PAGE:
Updates and anecdotes, overall:
— This past Friday, I was stopping into the various areas of support and assist my predecessors and successors will continue to tend.
I stopped into one of three chapels at Fort Rucker to leave brochures and to chat a bit. The soldier who was tending the desk provided indications of having the desk assignment due to physical and emotional challenges.
— I also visited the child development center, chatted with various staff and said hello to children. It doesn’t take a rocket scientist to translate the message which accompanies the various and sundry children who come and sit beside me when I arrive.
— This past week, I met with a couple who is here due to Compassion leave from Hawaii to be near her family. Married two years, buried their 19-month-old two months ago following their 10-month struggle with infant’s illness/death. Fortunately, soldier is being reassigned as a helicopter flight instructor here at Fort Rucker vs. deployed to Iraq in order to tend to the grief.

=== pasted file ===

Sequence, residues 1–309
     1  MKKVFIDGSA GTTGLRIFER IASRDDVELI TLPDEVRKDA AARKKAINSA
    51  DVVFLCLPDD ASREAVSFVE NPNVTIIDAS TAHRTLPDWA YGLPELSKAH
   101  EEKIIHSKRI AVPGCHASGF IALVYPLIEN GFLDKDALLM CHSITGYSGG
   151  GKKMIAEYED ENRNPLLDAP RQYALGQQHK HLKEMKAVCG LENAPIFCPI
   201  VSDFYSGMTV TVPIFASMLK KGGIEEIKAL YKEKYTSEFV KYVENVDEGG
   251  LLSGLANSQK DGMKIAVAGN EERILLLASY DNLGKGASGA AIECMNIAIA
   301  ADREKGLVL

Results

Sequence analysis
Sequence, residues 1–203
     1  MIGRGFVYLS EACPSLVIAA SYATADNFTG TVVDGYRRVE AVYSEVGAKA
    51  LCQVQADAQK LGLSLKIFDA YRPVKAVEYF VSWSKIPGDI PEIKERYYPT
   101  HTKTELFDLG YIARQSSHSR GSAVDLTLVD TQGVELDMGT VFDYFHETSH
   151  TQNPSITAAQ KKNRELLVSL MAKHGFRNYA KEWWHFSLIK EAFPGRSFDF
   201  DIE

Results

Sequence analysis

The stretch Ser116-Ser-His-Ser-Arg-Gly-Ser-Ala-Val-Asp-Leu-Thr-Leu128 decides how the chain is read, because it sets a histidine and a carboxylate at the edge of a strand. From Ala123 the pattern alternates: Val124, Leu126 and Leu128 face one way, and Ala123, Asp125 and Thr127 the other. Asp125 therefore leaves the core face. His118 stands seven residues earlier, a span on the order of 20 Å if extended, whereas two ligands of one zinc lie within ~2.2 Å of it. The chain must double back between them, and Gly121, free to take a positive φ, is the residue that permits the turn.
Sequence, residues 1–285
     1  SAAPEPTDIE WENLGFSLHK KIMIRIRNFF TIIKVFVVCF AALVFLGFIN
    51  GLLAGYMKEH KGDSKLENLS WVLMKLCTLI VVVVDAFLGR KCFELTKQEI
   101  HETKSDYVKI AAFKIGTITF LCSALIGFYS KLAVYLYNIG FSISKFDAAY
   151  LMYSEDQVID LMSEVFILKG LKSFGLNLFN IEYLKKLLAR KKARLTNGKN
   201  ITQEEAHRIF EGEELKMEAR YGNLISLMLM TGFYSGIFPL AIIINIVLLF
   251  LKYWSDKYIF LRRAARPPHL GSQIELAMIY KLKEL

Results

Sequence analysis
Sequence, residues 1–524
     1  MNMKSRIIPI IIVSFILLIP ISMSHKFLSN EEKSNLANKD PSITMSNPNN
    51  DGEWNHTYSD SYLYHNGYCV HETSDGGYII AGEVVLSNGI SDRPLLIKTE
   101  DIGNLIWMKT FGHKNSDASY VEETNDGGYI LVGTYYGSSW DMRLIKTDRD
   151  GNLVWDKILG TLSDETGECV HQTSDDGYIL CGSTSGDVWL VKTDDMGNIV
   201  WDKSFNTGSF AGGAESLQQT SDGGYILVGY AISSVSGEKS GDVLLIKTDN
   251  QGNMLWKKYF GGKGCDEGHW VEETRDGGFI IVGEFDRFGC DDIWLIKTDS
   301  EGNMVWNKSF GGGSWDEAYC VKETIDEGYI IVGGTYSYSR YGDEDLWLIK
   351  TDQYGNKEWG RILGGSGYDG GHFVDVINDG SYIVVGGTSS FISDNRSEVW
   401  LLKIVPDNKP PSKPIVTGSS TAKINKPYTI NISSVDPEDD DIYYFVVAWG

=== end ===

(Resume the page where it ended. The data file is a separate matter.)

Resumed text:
— This coming Friday as a farewell to me, the staff with whom I share people tasks, within the same large room of cubicles will join together for cookies and milk. This is a precedence created by my first colleague here at Fort Rucker when he completed his rotation in mid-February ’09. We will be eating chocolate chip cookies made by one of the staff. Fun, huh!
One week from today, Aug. 9, I will be returning to Concordia for the greater part of August before beginning a semester length rotation in a Fort Riley based elementary school.
I will be slipping in a bit late for the (bobbin) Lacemaking Retreat at Manna.
Your prayerful support remains invaluable to me. Know that those who wish they could join me, truly are doing so.
Loretta Jasper

Messages Home: Making lemonade in Alabama

July 14, 2009 by  

Dear Sisters, Agregees and Associates,

Note: For those who are waiting to read about my contacts within Fort Rucker; scroll down to bypass the personal, if you choose. Printing and routing this may be of interest to Sisters unable to access e-mail.

My permanent address is 923 S. Mound, Concordia as of 6/18, but I have been at Fort Rucker, Ala., Aviation Army, since 6/24, until 8/9. This past Thursday began the third of six weeks serving the soldiers, spouses, families and staff here.

It IS hot and humid, but I packed my Sri Lankan weight clothes, and have a sweater for the air-conditioning (which might be C-O-L-D at times).